Bombing of Pyongyang

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The bombing of Pyongyang was conducted as part of a gradual and sustained U.S. Air Force aerial bombardment campaign conducted against the Democratic People's Republic of Korea (North Korea) during the Korean War. By the time of the armistice, 75 percent of Pyongyang's area was destroyed by the bombing campaign, which was part of a broader U.S. bombing effort throughout the country.

Air raids[edit]

Pyongyang in May 1951

After North Korea invaded South Korea on June 25, 1950, which sparked the conflict, General Douglas MacArthur, Commander in Chief of the Far East Command, ordered the FEAF to carry out air raids on North Korea to prevent North Korean forces from overrunning the nation. Bad weather delayed further air actions until June 29 when MacArthur authorized FEAF attacks on airfields in North Korea. For the first time, B-26s of the 3rd Bombardment Group attacked Heijo airfield near Pyongyang, the North Korean capital, claiming up to 25 enemy aircraft destroyed on the ground.

Onjong-Ni Airfield was also attacked, resulting in the destruction of 2 Yak 3's and the damaging of 10 other aircraft on the ground. On 18 July 1950 aircraft from Task Force 77 attacked the Pyongyang airfields again destroying 14 aircraft and damaging 13.[1]

Following the capture of Pyongyang on 19 October 1950 Heijo airfield was put into service by the UN forces, designated by the USAF as K-23.[2]

UN forces abandoned the base on 5 December 1950 as part of the evacuation of Pyongyang in the face of the Chinese intervention.[3] On 10 December 1950 B-29s bombed the airfield with high-explosive bombs.[4]

The city was bombed on 3 and 5 January 1951, prompting a protest to the United Nations Security Council by the DPRK Foreign Minister.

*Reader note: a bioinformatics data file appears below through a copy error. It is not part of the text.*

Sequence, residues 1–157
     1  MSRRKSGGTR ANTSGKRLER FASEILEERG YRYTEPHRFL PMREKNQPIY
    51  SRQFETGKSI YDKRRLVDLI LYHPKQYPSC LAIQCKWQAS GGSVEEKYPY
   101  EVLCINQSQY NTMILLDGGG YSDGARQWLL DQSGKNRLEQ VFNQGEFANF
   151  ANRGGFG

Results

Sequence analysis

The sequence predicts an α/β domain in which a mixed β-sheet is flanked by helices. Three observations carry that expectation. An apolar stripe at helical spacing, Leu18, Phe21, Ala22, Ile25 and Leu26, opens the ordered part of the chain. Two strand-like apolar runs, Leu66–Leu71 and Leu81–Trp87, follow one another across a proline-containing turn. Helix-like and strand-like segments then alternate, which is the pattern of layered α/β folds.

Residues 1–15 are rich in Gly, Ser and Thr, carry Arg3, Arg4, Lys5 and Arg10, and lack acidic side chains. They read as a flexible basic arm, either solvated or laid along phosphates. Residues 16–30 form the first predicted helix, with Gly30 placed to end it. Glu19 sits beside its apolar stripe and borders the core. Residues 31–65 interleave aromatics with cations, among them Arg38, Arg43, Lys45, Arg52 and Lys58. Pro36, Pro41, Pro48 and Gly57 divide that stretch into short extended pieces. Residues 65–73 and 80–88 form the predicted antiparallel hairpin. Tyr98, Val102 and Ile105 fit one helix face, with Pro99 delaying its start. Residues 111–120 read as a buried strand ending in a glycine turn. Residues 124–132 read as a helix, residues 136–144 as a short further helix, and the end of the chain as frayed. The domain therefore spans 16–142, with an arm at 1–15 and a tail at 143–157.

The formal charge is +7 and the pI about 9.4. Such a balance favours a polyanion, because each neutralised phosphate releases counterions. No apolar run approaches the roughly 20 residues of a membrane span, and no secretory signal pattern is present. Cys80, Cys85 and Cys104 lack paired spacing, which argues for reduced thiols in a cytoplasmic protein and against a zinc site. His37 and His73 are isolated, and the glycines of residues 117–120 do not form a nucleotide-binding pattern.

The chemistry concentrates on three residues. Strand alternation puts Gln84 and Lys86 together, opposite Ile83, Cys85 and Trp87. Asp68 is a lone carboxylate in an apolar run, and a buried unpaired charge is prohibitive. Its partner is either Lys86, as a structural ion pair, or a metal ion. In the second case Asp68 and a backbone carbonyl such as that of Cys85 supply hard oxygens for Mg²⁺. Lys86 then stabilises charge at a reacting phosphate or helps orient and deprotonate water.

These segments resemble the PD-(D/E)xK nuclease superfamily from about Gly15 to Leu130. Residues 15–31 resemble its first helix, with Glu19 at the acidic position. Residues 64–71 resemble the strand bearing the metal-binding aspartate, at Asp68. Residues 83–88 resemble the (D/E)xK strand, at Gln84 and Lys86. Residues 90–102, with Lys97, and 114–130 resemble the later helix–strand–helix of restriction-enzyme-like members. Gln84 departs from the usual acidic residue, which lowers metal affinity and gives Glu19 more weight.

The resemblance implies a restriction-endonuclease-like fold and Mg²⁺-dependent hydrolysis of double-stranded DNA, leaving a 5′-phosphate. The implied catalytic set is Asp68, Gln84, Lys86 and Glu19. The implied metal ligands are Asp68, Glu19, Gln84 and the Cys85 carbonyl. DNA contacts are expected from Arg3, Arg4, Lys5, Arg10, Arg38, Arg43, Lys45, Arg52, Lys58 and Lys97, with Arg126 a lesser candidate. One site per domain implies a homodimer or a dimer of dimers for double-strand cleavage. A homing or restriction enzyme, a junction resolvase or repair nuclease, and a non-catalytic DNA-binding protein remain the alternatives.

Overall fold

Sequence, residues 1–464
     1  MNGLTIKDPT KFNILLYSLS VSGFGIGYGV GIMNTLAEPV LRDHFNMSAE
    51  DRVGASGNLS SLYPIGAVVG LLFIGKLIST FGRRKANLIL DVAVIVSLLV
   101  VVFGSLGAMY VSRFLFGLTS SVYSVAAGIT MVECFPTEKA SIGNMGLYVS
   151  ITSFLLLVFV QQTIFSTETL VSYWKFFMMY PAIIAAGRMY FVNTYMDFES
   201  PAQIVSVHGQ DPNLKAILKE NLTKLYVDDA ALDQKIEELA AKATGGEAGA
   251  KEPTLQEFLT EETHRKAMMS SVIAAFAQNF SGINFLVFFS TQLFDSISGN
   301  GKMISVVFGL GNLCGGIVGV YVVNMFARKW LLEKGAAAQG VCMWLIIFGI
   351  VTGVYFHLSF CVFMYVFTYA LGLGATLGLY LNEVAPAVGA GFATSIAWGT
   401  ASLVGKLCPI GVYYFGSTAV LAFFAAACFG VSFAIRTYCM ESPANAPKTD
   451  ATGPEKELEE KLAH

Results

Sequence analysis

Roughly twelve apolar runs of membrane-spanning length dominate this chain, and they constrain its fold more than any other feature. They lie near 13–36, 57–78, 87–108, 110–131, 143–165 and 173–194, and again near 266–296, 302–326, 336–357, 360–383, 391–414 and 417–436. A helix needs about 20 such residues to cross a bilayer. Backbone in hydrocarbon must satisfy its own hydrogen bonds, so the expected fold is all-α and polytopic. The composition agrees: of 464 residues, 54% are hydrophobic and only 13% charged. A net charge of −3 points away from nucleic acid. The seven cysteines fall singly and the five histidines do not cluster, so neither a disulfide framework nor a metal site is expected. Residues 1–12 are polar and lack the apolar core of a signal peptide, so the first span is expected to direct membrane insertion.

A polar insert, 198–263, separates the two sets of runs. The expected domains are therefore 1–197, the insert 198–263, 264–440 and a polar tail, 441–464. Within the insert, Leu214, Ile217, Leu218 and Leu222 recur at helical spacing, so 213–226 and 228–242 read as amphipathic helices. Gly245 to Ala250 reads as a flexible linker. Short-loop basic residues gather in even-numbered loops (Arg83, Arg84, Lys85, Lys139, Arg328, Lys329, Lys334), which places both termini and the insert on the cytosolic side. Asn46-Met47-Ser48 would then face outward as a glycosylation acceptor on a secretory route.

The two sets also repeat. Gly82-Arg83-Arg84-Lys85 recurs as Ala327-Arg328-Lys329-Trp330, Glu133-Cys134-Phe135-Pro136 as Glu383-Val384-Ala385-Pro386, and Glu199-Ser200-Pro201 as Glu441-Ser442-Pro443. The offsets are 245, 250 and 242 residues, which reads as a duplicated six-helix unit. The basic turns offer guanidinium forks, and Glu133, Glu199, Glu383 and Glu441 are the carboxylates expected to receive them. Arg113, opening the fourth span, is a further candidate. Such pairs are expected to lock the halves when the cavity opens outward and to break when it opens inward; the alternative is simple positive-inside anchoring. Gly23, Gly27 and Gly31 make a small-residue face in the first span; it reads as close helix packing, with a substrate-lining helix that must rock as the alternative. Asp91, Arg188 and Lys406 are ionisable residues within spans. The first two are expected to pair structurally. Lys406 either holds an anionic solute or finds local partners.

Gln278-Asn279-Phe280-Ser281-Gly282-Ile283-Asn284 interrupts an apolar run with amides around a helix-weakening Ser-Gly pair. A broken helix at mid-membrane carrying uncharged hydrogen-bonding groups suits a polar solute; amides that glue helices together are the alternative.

On 23 January 1951, 46 F-80s of the 49th Fighter-Bomber Wing attacked anti-aircraft positions around Pyongyang and once this was completed 21 B-29s of the 19th and 307th Bombardment Groups from Okinawa bombed the airfield.[5]

Ninety-eighth Bombardment Group B-29s conducted two "maximum effort" incendiary attacks on Pyongyang in January 1951.[6]

On July 21, 1951, Lt. Gen. Matthew Ridgway, having recently replaced General Douglas MacArthur as commander in chief, Far East and United Nations Command, informed the Joint Chiefs of Staff (JCS) that he planned "an all out air strike on Pyongyang" with 140 bombers and 230 fighters, to be take place on the first clear night after July 24. Under the proposal, warning flyers would be dropped in advance of the attack. The Joint Chiefs of Staff ordered Ridgway to defer the attack pending further instructions, due to concerns about the political implications. In response to concerns from JCS that flyers would place "undue importance" on the capital, Ridgway submitted an amended plan that omitted flyering the city in advance of the bombing. The all-out attack was conducted on July 30, but poor weather interfered with its effectiveness. On August 14, a second attempt was made with cloudy weather again interfering with effectiveness.[7]

On July 11, 1952, a large attack known as Pressure Pump was conducted on the city involving 1,254 sorties from Fifth Air Force, Marine, Navy, Korean, Australian, South African, and British aircraft flying in the day, and 54 B-29s flying at night. The attack was preceded by flyers warning civilians to leave the city. On August 29, operation All United Nations Air Effort bombed the city again with 1,400 sorties.[8]

According to a bomb assessment conducted by the U.S. Air Force, over the course of the war 75 percent of the buildings in Pyongyang was destroyed by the U.S. bombing, placing it approximately at the midpoint in level of damage, relative to other Korean cities:[9]

See also[edit]


  1. ^ Futrell, Robert F. The United States Air Force in Korea, 1950–1953. United States Government Printing. p. 99. ISBN 978-0160488795.
  2. ^ Appleman, Roy (2009). Disaster in Korea: The Chinese Confront MacArthur. Texas A&M University Press. p. 316. ISBN 9781603441285.
  3. ^ Appleman, p.316
  4. ^ Futrell, p.263
  5. ^ Futrell, p.288
  6. ^ Crane, Conrad (2000). American Airpower Strategy in Korea, 1950–1953. Lawrence, Kansas: University Press of Kansas. p. 63. ISBN 9780700609918.
  7. ^ Crane, pp. 76–78
  8. ^ Crane, pp. 122–123
  9. ^ Crane, p. 168

External links[edit]